“Percy Hathowitz, serial number 00673H, please report to the eighth floor desk, the eighth floor desk…”
His eyes were wide now, hearing his name come over the system in that cold, indifferent voice. All the thoughts he had just poured into this moment were coming back to stab him in the back, setting his nerves on fire. He didn’t know, and nothing was worse than not knowing.
I stood with him and offered my hand, “Good luck, then,” I sighed, putting aside my frost-laced voice, “Nice meeting you for these few moments.”
He took my hand and shook it firmly, then letting go to force a smile, “See you there, I hope.”
I nodded and watched him turn down the hallway to disappear behind the bend. Then I slumped back down in the smooth white chair, feeling more alone than I had in a long time. In a few minutes they would call my name and number and I would be walking down that hallway. I would disappear behind the bend and come to the eighth floor desk.
Running my thumb across the stamp on my wrist, I read the digits one by one in calm silence, waiting. 00692R, it was my unique serial number, the name I came into the network by and the name I would leave the network by. It was who I was, and this was what I knew. It would be strange leaving here, but it was my duty and my destiny; I had to carry it out. The moderators had always told us so.
I closed my eyes as the intercom came online again, crackling in its usual fashion. Then, the voice greeted me, seeming even colder now than it had before.
“Bartholomew Malcolm, serial number 00692R, please report to the eighth floor desk, the eighth floor desk…”
I closed my eyes, saying my inaudible goodbye and then standing up to face the bend of the hallway. The illuminated white walls and floor reflected in my dark irises, and I walked steadily away from the safety of the chair behind me. When I glanced back for the last time it had disappeared behind me, and I had, to it, disappeared behind the bend.
Looking ahead again my gaze met the sleek white surface of the eighth floor desk. It wasn’t like the other floor desks in the central building; it was set in front of a dead end that cut off the hallway. Behind it stood a young woman, her eyes clear like glass and smiling in a way that I hadn’t expected.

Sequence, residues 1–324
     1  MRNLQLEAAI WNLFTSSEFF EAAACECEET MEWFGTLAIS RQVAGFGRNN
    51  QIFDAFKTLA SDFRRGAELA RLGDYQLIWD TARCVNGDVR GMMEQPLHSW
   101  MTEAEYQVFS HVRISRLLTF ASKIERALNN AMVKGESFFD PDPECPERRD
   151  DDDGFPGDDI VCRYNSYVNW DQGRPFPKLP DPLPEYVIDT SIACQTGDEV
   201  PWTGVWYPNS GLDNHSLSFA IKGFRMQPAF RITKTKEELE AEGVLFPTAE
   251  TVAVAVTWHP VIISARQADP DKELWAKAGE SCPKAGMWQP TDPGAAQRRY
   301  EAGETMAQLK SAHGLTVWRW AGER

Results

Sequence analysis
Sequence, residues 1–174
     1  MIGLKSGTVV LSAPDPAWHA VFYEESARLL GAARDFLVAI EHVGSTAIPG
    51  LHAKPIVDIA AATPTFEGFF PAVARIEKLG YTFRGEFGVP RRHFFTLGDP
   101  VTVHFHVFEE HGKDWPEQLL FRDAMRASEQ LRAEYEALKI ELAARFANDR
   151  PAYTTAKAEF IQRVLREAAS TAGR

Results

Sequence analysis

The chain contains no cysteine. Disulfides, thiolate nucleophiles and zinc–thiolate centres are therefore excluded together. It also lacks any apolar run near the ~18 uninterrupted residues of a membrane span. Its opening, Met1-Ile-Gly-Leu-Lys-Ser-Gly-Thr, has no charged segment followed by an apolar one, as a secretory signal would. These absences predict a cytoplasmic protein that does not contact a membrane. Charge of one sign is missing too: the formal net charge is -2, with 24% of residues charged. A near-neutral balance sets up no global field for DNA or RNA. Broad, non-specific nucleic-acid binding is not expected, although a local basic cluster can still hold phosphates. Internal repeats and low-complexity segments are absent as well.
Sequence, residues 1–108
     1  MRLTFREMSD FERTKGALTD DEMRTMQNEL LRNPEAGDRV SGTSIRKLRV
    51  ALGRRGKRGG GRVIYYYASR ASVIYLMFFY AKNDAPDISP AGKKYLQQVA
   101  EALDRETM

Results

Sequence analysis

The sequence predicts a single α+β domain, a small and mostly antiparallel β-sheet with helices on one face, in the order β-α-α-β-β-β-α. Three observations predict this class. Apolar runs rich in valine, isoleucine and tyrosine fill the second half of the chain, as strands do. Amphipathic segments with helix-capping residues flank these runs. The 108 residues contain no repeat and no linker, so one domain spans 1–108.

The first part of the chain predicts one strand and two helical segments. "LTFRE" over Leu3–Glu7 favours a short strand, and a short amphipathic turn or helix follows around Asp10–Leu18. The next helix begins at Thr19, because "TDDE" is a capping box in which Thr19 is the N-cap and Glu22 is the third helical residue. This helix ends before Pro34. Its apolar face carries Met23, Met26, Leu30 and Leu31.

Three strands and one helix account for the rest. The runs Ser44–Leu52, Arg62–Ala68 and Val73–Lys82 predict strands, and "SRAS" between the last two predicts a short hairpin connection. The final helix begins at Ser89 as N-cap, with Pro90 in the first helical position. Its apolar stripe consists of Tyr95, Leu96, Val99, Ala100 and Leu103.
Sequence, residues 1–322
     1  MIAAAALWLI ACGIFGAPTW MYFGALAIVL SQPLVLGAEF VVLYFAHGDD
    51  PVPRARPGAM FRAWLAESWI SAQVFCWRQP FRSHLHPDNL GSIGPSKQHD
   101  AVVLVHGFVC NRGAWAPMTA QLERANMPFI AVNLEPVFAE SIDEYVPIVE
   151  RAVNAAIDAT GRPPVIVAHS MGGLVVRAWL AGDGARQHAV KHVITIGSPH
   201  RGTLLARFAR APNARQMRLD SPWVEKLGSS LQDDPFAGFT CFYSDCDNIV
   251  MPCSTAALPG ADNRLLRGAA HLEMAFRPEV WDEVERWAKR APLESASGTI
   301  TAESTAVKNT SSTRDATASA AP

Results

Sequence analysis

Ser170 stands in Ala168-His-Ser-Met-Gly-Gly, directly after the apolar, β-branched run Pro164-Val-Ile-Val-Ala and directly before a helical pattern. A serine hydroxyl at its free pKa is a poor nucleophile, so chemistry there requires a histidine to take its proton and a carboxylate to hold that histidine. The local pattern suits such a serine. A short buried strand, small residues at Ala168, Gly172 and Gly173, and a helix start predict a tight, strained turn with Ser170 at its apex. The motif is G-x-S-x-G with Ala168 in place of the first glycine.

“Welcome to the eighth floor desk, how may I help you?”
I frowned; didn’t she know who I was? There was only one purpose for the eighth floor; it was for this. “Yes, I was told to report here,” I said flatly, “What do I need to do here? I was chosen…”
“Oh,” she nodded and her expression dropped, smiling eyes going a shade darker, “yes, that’s right.” She ran a hand along the desk to slide the center of it away, then ushering me through. Her eyes were then focused on the wall behind the desk. “Sir, we have a chosen…” she grabbed my wrist and read the numbers off, “…00692R.”
I ripped my wrist back and glared at her, but she didn’t seem to notice. Instead she had her gaze set on a new opening in the wall; a narrow doorway. There was nothing I could see past the opening, it was thick with blackness. “Right this way then,” she nudged me forward and I stumbled into the darkness, left to listen as the wall closed in behind me.
My hands went out in front of me, trying to figure out what could be there. My mind was half terrified of what it might be, but I felt nothing; there was nothing there.
“Hello?” I took a tedious step forward, my eyes straining in the darkness. I wasn’t just going to be left here, was I? That was unconventional, nothing like the network I had come from. No, I was still here, still here in the network. I had hardly left it at all.
“Hello, is anyone here?” I screamed, letting my voice echo out. No reply came for me, just my own breathing as I stepped back, trying to find the wall I had come through. Nothing was there, though, nothing at all. I was trapped and alone.
Collapsing on the floor I sighed heavily, realizing how lost I now was. I was eternally caught in here, I would die in here. I placed my head in my hands; I had been born into the network and I had been raised here. Every day I lived with the knowledge that one day I would be chosen. Then I would be brought here to fulfill my purpose. I couldn’t be destined to rot away in this room, it just didn’t make sense.
“What’s the point?” I asked the darkness that accompanied me here, “Why would I be brought here to die?”
“Why? So that others may live…”